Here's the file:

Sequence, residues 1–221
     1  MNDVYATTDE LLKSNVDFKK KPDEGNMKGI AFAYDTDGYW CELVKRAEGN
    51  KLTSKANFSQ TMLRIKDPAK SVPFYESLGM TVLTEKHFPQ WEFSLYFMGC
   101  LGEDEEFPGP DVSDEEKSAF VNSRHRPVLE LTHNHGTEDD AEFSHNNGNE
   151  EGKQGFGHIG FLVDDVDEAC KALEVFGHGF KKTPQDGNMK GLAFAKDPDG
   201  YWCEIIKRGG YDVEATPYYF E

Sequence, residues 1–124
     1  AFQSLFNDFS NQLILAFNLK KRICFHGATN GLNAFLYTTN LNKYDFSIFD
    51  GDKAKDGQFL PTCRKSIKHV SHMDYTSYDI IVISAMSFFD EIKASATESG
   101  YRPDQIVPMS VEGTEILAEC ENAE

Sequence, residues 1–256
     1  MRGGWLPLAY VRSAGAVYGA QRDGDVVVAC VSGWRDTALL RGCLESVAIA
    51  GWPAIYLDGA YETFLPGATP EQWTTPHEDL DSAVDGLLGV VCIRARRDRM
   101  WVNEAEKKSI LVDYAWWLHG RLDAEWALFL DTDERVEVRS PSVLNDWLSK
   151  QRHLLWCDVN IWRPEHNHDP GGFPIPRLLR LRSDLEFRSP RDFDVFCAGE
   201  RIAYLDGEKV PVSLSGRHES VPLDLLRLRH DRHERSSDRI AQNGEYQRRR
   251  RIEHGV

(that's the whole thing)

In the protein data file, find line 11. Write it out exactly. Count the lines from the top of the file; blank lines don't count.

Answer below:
Sequence, residues 1–256